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The Basics of Making a Valid Will

The Basics of Making a Valid Will

Making a Will allows you to make important decisions about how to organize and distribute your assets when you pass away, ensuring that you retain control over your testamentary wishes. For parents, it is crucial to nominate guardians for your minor children in your Will, as well as naming a trusted person to manage their property until they are older. A Will also enables you to choose a responsible executor to ensure that the terms of your Will are carried out.

Preparing a valid Will

An estate planning lawyer will ensure that your Will meets Ohio’s probate law requirements, protecting you from the risk of your Will being invalidated in future. The rules for forming a valid Will include the following:

  • Every Will needs to be in writing, whether handwritten or typewritten (although a verbal Will can be made by a person who is dying, who knows this to be the case and declares their dying wishes to two competent witnesses)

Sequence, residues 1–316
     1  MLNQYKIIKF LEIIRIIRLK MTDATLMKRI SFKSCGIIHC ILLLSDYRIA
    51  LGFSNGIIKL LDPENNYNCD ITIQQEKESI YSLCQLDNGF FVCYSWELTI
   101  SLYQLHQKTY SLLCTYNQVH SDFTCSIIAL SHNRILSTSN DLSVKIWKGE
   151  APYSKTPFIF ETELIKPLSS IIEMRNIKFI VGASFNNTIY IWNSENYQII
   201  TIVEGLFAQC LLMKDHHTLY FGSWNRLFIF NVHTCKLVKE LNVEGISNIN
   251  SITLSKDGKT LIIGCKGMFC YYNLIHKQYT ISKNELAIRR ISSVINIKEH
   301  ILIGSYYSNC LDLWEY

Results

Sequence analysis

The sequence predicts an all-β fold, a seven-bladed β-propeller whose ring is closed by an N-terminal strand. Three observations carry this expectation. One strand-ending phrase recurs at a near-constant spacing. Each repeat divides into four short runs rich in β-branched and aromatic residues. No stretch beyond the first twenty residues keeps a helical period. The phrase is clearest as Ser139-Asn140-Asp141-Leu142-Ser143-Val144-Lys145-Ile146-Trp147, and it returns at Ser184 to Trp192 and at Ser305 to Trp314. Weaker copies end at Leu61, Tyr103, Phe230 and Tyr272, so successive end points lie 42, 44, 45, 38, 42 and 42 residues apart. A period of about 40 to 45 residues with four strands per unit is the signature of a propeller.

• The person making the Will, the testator, must be a person of sound mind and memory who is aged 18 or older
  • The Will is invalidated where the testator is being defrauded or unduly influenced by another at the time of making it
  • The Will needs to be dated and signed by the testator or someone the testator expressly directs, in front of two or more competent witnesses aged at least 18 who sign as proof that they have seen the testator sign and acknowledge the Will as their own

Where is it best to store my Will?

Once you have finalized your Will, make sure that you keep the original in a safe place and that it is easily retrievable. It is advisable to leave a copy with the attorney who drafted it for you. A testator is also permitted to deposit the Will at the office of a probate court judge in the country in which he lives for safekeeping. To avoid unnecessary complications, it is also recommended that you inform your executor about the whereabouts of your Will, or simply provide the executor with their own copy.

Contact our compassionate Dayton estate planning attorneys for advice in relation to your individual circumstances and for help putting a Will in place to safeguard your testamentary wishes.



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